Hiragana and Katakana are two 46 character phonetic sets used in Japan. Both composed of the same base phonics, hiragana is used when writing native Japanese words and Katakana is used for foreign words. This rule isn’t always followed though, especially when it comes to advertising.
Take this poster for example, this is for a hot-drink sale, the main title reads “Hotto hotto seeru” (Hot hot sale). The word “hot” is a borrow-word from english, so here we see it written first in Katakana as ホット and then strangely in hiragana as ほっと.
Here’s another, but in reverse. This is a promotion for train trips to go and enjoy winter crab. So the japanese word for crab is kani(かに) which is featured on the main title, but right next to it the word is repeated in katakana as カニ – which admittedly looks much more similar than the previous example.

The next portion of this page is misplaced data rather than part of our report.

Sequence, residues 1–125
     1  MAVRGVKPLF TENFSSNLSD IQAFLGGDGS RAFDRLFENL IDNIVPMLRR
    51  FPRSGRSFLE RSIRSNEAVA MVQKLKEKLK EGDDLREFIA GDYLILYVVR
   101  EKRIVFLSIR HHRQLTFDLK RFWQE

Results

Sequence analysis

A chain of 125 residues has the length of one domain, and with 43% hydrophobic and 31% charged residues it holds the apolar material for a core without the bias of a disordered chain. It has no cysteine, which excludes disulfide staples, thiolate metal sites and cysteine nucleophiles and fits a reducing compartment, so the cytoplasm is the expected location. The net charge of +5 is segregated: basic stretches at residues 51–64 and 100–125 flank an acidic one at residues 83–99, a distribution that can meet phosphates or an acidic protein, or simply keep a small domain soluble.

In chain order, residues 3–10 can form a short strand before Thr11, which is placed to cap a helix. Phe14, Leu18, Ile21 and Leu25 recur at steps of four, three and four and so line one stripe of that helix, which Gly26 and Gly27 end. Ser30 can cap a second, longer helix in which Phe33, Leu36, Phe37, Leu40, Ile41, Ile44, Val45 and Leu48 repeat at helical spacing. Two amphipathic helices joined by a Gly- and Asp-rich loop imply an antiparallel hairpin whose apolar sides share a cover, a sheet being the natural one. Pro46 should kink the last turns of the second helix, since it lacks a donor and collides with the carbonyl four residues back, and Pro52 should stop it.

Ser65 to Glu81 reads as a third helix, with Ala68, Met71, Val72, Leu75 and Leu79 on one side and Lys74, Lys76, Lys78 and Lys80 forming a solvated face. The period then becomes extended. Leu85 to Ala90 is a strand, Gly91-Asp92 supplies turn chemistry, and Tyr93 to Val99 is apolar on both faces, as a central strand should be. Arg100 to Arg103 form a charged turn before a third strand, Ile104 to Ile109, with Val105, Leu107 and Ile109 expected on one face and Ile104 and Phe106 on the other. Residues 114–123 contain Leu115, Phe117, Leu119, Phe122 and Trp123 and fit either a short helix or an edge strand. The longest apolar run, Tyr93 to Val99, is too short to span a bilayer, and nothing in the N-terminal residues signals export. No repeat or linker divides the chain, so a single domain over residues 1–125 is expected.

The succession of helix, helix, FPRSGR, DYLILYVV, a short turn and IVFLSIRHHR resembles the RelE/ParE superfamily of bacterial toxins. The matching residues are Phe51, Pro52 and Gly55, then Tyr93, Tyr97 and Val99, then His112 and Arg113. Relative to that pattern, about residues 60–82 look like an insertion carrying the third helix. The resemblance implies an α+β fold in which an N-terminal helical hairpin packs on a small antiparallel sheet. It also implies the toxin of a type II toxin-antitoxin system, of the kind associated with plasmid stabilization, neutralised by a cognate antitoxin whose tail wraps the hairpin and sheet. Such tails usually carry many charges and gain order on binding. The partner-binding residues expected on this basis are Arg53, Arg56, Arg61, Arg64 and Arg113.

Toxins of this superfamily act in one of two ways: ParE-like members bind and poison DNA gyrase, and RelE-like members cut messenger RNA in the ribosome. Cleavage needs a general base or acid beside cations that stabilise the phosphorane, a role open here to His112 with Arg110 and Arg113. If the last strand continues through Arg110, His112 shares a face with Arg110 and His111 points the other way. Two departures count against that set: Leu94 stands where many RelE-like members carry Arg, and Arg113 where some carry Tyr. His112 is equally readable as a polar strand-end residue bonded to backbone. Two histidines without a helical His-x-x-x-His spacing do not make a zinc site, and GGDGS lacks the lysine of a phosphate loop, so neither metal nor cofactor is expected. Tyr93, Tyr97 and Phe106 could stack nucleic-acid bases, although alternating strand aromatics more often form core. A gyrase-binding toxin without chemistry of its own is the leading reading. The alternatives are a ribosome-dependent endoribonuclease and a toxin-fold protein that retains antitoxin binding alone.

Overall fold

The only reason I can think of for this is the Japanese character sets lack an upper or lower case, and using bespoke fonts can make the characters a nightmare to read, so replicating in the other character set for effect kind of fulfills that. Especially Katakana with its simplified, angular form.
I’m not really going anywhere with this, it’s just something I find interesting